Since the very beginning of the pandemic, and what is now being referred to as the “lockdown quarantine” last spring, I have encountered many individuals who are grieving what they are calling “loss of spiritual identity.”
I have watched as people spew anger at feeling abandoned by their church, their spiritual leader and/or the congregation they once knew and loved so well. On the flipside, I have listened to countless amounts of sadness and disbelief from those who have been frightened to return to the church setting or those who are eager to return but the pandemic has still forced doors to be shut.
Online or virtual “church” has become not only a thing of necessity, but it has also become an active choice for those who fear COVID-19, a blessing to have available, but another layer of loss as well.
When I worked in the hospice setting, I encountered many who found comfort in their faith after enduring the death of a loved one. They would speak of this support as being their “saving grace” and wondered aloud at how they would ever be able to manage their grief without it. Still, others experienced a crisis of faith and were filled with anger, whether it was at God, their spiritual advisor or even fellow church members whom they felt like had abandoned them.
Now, during this pandemic time, I hear more of this, the anger and the frustration as well as the deep sense of sadness and loss. Many have even taken this time to stop and reflect on their faith and have even begun “church hopping” trying to find the best means of support, but also the message that “feeds their soul.”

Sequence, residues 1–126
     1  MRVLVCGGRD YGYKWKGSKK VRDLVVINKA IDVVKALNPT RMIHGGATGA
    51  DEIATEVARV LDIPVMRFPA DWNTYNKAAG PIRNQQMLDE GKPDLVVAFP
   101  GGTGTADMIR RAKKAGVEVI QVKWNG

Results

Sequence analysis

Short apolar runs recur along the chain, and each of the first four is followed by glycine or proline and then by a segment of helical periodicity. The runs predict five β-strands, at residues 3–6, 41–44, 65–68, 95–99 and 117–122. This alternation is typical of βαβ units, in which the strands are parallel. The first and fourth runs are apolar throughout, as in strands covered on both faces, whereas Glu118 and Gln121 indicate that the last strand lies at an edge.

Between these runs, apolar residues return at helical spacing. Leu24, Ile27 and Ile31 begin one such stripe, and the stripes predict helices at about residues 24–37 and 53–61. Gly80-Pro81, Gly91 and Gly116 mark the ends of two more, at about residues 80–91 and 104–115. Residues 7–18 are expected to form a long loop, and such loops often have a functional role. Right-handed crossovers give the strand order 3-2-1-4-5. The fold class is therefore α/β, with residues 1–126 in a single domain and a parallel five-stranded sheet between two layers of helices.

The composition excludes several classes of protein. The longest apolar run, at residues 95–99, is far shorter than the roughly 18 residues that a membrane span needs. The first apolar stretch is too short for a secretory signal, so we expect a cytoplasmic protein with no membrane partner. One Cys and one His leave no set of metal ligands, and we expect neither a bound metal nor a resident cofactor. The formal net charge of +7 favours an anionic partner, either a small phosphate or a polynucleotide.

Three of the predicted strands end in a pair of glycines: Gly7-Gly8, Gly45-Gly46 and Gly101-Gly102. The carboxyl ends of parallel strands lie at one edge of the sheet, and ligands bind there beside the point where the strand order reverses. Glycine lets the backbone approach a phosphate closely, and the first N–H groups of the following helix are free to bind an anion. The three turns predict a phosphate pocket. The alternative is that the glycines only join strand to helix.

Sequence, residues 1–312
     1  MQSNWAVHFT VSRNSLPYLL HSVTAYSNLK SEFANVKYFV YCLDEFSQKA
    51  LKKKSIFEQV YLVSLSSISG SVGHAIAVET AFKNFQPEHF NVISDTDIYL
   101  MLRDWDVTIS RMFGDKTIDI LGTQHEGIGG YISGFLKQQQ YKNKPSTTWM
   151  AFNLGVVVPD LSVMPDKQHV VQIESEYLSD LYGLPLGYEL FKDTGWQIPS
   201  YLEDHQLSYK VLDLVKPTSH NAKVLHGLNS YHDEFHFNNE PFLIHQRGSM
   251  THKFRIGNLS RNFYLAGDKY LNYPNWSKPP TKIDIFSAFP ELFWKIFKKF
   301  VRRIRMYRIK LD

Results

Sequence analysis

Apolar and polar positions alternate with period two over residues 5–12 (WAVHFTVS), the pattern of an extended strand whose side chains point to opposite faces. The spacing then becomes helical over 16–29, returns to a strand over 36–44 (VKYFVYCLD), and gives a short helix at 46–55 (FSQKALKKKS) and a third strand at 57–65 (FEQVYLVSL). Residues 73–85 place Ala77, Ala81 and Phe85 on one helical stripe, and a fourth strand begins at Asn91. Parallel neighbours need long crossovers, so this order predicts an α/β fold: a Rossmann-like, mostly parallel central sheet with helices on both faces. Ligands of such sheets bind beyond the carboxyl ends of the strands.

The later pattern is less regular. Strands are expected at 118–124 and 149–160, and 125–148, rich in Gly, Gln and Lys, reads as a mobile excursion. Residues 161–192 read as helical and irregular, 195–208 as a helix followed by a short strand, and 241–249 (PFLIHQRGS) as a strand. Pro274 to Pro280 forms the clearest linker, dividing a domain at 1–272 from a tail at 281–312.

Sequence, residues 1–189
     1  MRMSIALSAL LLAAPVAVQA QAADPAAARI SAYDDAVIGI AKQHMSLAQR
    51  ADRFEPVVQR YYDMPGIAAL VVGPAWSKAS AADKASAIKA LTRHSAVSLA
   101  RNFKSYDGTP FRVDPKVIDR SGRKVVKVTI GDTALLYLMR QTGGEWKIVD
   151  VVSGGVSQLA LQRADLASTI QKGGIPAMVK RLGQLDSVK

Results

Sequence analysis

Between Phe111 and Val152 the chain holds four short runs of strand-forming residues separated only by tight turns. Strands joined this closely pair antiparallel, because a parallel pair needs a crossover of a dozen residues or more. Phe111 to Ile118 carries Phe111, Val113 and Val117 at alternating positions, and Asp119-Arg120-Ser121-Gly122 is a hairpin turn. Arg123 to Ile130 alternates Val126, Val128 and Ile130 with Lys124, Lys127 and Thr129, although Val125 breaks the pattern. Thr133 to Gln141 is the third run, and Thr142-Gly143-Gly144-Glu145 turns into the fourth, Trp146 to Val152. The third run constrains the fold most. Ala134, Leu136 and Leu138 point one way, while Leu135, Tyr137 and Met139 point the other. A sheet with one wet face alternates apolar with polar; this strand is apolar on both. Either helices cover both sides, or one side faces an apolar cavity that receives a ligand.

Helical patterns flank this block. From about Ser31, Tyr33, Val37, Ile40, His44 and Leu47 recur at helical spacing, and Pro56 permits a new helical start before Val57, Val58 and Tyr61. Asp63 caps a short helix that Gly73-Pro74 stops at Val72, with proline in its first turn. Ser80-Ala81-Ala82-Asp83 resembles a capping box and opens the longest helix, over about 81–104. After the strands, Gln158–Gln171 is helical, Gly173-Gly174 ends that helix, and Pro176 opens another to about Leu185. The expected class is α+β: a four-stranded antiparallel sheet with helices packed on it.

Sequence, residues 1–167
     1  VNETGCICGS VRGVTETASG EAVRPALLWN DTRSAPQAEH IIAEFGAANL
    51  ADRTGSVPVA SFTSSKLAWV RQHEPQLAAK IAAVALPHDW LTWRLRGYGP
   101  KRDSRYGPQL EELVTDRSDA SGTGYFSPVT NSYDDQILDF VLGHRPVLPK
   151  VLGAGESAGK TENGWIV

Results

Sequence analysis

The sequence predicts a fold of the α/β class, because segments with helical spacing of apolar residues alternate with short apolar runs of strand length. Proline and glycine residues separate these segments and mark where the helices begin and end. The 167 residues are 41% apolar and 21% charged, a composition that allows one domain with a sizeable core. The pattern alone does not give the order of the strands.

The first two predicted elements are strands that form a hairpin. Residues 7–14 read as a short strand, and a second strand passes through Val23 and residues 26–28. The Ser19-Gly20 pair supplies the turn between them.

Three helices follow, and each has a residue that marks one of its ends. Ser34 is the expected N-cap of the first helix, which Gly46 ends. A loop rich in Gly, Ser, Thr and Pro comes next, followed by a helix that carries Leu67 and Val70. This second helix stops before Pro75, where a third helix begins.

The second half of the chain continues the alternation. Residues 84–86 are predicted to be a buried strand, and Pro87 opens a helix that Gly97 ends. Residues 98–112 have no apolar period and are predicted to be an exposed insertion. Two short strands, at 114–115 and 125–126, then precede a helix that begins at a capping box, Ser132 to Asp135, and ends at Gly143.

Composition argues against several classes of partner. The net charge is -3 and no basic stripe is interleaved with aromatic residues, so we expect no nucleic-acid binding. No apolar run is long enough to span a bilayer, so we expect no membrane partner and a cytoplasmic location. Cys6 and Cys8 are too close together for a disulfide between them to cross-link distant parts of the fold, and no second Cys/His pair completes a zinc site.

To say that people are feeling “lost and confused” right now is an understatement of epic proportions. It is a grief that has blindsided countless individuals, including church leaders who are questioning the absence of their congregation and wondering aloud at the empty pews displayed before them.
Every day political issues have seeped into people’s “sacred space” and have caused intense feelings that further add to one’s “confidence of faith,” leaving many questioning and/or seeking additional answers, comfort and healing.
I am by no means a spiritual advisor of any kind, but I have found myself sitting front and center watching the unraveling of long held “faith identities” as this pandemic crisis continues. People are uncomfortable and are seeking reassurance, not just from inside the walls of their church, but from inside their hearts as well.
Faith happens to be a very personal choice, and many are feeling unsettled and abandoned as they struggle to comprehend what is happening in the world around them. They are looking to their leaders for guidance, leaders who are willingly present but also struggling to provide answers to comfort the souls of those they are tasked to nurture.
Let me say, we are blessed to have incredible spiritual leaders in our community, and they are feeling the hurt and pain as well. Please don’t hesitate to reach out to them and share the weight of your loss. You see, grief doesn’t just arrive on Sundays. It encompasses every aspect of our lives and, sometimes, having faith is our best answer for healing. Can I get an Amen?
Jenny Filush-Glaze is a licensed counselor and owner of Serenity Community Counseling LLC. Contact her at email@example.com.